Another hypothesis (hypothesis3), which combines some insights from hypothesis 1 and 2, is that Jones is with subset1 generally, however on Friday, he stays at the stage with subset2 between two scheduled shows. Jones then leaves with subset1 after the second show via the East Entrance. On Saturday, Jones comes to the stage with subset1, and after the afternoon show he stays with subset3 and leaves the park with them from the East Entrance. If Jones is with subset1, it is not clear why they would not take the shortest route from the East Entrance to the Grinosaurus Stage.

Description: Macintosh HD:Users:Ryo:Desktop:PhD:Year_4:22_VAST_2015:GC:subset23.pdf

Figure 1.4. GPS trails and check-in patterns of subset2 and subset3.

 

 

 

GC.2 – Identify up to 8 issues with park operations during the three-day weekend.  Provide a rationale for your answers.

Limit your response to no more than 8 images and 800 words.

 

One issue is the waiting time for some attractions. From the GPS data, we infer how much time a visitor spends after a check-in or after arrival, and overlay histograms to compare distribution of time spent at each attraction (Figure 2.1). Some Thrill Rides, including Firefall, Flight of the Swingodon, TerrorSaur, and Wendisaurus Chase, show a shift in distribution. For these attractions, the waiting time on Saturday and Sunday is much longer than that of Friday.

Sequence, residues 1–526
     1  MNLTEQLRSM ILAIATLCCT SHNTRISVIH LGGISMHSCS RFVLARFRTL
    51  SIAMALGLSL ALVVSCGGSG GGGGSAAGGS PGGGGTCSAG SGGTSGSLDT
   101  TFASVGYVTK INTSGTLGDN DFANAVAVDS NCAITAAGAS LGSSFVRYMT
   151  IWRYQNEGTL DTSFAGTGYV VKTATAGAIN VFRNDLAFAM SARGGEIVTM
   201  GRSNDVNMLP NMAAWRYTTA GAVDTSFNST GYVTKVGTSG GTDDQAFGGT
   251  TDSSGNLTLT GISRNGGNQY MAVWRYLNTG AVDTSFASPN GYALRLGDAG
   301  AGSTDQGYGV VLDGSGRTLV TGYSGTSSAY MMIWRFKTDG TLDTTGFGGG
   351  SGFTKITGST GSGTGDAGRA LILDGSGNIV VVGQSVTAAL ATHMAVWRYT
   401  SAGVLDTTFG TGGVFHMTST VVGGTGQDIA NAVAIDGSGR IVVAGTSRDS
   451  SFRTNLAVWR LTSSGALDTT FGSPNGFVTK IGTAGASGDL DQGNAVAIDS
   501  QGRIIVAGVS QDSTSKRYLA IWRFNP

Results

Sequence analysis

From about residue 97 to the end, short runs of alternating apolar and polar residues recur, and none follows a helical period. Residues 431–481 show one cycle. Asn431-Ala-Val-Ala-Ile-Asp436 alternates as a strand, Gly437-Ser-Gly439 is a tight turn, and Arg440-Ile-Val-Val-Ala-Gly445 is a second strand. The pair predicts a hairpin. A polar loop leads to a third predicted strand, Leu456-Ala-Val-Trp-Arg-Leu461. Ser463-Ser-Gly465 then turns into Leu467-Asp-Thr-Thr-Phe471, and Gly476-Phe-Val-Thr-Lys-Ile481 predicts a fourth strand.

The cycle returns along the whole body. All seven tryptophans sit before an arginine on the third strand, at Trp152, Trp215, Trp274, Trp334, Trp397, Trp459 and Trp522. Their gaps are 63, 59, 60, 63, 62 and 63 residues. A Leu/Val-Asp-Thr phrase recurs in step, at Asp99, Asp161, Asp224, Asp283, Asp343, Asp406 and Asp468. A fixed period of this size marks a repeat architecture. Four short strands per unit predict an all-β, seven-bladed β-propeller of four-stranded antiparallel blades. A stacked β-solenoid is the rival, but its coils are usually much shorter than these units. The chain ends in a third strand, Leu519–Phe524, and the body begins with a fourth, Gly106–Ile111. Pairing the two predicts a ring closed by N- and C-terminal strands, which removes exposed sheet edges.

Description: Macintosh HD:Users:Ryo:Desktop:PhD:Year_4:22_VAST_2015:MC1:duration_histogram.pdf

Figure 2.1.  Histograms of time spent at each attraction over three days.

We compare the distribution of waiting time by the hour of the day drawing violin plots (Figure 2.2). The width of each violin is scaled to the maximum count per bin. The plot shows that the waiting time for these rides is about 60 minutes on Saturday and Sunday between 11:00 and 19:00, while it is only around 10 minutes on Friday, except for the TerrorSaur, which waiting time appears to peak around 15:00.

Description: Macintosh HD:Users:Ryo:Desktop:PhD:Year_4:22_VAST_2015:GC:Violinplot_busy_attraction.pdf

Figure 2.2. Violin plots of waiting time for selected thrill rides.

 

We compare the distributions of the length of time spent at entrance by each visitor and their frequency by drawing the histogram with stacked bars (Figure 2.3). It shows that visitors who arrive closer to 9 on Saturday and Sunday have to wait longer at the North Entrance. The operation at the entrance could be improved by anticipating large volume of arrivals just before 9.

Description: Macintosh HD:Users:Ryo:Desktop:PhD:Year_4:22_VAST_2015:GC:entrance_waiting.pdf

Figure 2.3. Histograms of visitor counts per entrance over time.  The color of bars represents the waiting time.

 

Perhaps one of the critical issues of the park operation was the fact that the Pavilion was not completely cleared between shows on Sunday.  Figure 2.4 is a sequence view of all the visitors who visit the Creighton Pavilion and the color encodes whether the visit was associated with check-in or not.  As the arrows indicate, there is a group of 37 visitors who appears in the location without check-in (group 1) and a group of 3 visitors who appear to have stayed after the morning show (group 2).

Description: Macintosh HD:Users:Ryo:Desktop:PhD:Year_4:22_VAST_2015:MC1:pavilion_movement.pdf

Figure 2.4. Sequence view at the Pavilion on Sunday.

 

Although it is perhaps a minor operation issue with GPS tracking or recording system, the GPS trails of 1983765 shows very odd patterns at 15:00 and 20:00 on Saturday, where it looks as if the GPS records represent two separate individuals (Figure 2.5). In the plot, the gps records are ordered based on the timestamp and lines are drawn connecting locations from two consecutive records.